Uncovering the cellular pathways involved in Lowe syndrome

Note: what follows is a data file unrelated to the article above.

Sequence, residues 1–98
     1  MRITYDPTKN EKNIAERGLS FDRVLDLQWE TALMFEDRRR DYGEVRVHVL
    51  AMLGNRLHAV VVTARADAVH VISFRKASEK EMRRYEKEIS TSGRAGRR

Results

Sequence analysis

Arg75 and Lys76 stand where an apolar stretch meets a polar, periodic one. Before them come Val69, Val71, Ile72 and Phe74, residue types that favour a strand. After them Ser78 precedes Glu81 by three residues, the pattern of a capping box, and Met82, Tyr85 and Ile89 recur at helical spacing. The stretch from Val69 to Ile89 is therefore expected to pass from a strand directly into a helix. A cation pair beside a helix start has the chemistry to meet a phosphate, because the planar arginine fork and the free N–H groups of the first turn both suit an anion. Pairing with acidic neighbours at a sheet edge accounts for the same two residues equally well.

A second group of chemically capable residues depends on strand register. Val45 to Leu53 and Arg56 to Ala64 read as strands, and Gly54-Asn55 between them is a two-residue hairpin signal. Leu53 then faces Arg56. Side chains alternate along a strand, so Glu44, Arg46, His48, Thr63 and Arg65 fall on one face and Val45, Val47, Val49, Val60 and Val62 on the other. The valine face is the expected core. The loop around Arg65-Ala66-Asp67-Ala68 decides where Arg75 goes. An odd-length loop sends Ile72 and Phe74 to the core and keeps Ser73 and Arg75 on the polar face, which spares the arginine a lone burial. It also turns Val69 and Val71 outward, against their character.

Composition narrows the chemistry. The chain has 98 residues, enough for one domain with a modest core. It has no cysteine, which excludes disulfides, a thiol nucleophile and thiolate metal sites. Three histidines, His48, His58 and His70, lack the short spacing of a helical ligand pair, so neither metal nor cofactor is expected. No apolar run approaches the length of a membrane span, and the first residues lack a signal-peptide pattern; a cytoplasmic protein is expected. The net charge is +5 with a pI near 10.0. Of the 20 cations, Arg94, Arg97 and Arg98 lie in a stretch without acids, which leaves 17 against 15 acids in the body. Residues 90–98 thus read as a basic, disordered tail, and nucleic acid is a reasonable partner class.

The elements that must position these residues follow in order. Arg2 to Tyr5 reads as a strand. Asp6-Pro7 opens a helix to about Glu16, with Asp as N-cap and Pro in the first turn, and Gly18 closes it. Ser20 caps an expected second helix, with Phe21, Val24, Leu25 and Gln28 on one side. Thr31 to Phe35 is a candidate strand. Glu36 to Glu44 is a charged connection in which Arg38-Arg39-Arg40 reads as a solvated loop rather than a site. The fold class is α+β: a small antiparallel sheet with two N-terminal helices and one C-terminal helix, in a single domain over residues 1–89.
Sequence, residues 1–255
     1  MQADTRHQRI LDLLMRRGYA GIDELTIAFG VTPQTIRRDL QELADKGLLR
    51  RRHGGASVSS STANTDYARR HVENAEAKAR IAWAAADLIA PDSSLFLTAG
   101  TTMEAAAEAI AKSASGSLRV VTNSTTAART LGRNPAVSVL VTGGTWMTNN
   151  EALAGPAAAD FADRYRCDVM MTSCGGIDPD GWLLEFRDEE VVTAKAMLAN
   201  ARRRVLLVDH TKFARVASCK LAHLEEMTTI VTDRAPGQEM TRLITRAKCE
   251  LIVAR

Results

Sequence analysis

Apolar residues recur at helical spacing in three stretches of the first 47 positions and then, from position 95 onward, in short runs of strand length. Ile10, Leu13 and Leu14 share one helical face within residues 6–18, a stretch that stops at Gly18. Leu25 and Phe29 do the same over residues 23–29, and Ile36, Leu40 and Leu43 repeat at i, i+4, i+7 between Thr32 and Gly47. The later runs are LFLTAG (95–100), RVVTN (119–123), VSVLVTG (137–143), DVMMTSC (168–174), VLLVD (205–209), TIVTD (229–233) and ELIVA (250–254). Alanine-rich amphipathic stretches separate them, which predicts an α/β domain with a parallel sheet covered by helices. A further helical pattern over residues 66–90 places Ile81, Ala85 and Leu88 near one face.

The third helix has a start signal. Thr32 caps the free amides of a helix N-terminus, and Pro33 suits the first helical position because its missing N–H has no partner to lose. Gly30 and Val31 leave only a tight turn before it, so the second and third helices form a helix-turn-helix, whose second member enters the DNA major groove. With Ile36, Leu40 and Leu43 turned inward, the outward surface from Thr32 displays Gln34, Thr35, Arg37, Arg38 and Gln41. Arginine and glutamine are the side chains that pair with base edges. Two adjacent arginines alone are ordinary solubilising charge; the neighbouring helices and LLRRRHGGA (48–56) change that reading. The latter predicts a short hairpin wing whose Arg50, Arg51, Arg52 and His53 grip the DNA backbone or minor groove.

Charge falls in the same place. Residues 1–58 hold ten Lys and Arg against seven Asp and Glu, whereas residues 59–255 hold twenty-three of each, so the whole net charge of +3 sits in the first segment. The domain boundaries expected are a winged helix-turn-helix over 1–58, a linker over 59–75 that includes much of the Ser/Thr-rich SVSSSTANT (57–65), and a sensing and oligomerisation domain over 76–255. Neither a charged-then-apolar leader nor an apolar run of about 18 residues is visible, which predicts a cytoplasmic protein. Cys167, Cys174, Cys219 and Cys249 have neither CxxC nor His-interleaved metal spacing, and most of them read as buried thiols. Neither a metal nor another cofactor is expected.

Lowe syndrome is an X-linked recessive disorder characterized by congenital cataracts, mental retardation, and abnormal kidney functions. Loss of function mutations in the OCRL1 gene lead to Lowe syndrome in all patients to date. The ocrll protein was previously identified as a PIP2 5-phosphatase localized to the trans-Golgi network. However, the mechanism through which loss of ocrll leads to the Lowe syndrome phenotype is still unknown. The aim of these studies was to define the cellular role of the PIP2 5-phosphatase, OCRL1, and its paralog, INPP5B. The first goal of this project was to study the ocrll paralog, INPP5B, in order to understand why Inpp5b can compensate for ocrll-deficiency in mice while the human ortholog cannot. In these studies, human INPP5B was found to express two distinct mRNA transcripts. The canonical transcript diverges from the murine Inpp5b transcript in the region corresponding to exon 7. This human INPP5B transcript lacks an 80-bp domain present in the murine transcript. However, a novel second alternatively spliced form of human INPP5B was found to contain this 80bp region which increases its similarity to the murine form of Inpp5b. Murine tissues express only one isoform of Inpp5b. Interestingly, in human tissues, the alternatively spliced human transcript was expressed the least in the tissues affected in Lowe syndrome patients. These results suggest that the 80bp domain present in the murine INPP5B may be responsible for the compensation of ocrll-defiency in mice. Additionally, the alternatively spliced form of human INPP5B may explain the tissue-specificity of the Lowe syndrome phenotype. These data are important for designing a mouse model for the study of Lowe syndrome pathogenesis and for the understanding of ocrll function in human tissues. The second part of the studies focused on identifying interacting protein partners of ocrll with the goal of distinguishing pathways that are affected in Lowe syndrome. These studies were done using a yeast 2-hybrid technique in conjunction with mutation analyses. Ocrll was found to interact with proteins involved in vesicle trafficking from the trans-Golgi network. The four proteins identified in the studies, a-actinin, (3COP, SCAMP2, and septin8, are each involved in different processes of vesicle formation. Using patient missense mutations, the binding sites of these proteins on the ocrll protein were mapped. The PIP2 5-phsophatase domain and the C-terminal domain were both found to be essential for protein interactions. The protein interaction results suggest that ocrll is involved in regulating vesicle formation and protein trafficking at the trans-Golgi network. The last portion of this project focused on the conserved functional domains of ocrll, in particular the C-terminal RhoGAP domain. This domain is evolutionarily conserved in both ocrll and Inpp5b but its function is not well understood. In vitro GAP assays showed that ocrll had no RhoA-, racl, or cdc42-GAP activity. Additionally, no interaction was detected between ocrll and racl or cdc42. The results suggest that the C-terminal domain does not function as a GTPase activating domain but instead functions as a binding site for protein interactions. These studies have given insight into the function of ocrll and its paralog, Inpp5b. The results from the first aim showing a distinct domain in the murine INPPSB transcript as well as the alternatively spliced form of human INPPSB suggests that this domain is involved in the overlapping functions between ocrll and Inpp5b. Future studies of these protein products will reveal the functional consequences of this domain. The second and third aim of this study identified a potential role of ocrll in Golgi trafficking and the critical domains of ocrll involved in these interactions. Although more studies are necessary to fully dissect the role of ocrll, these studies have identified pathways and protein targets that may be misregulated in Lowe syndrome.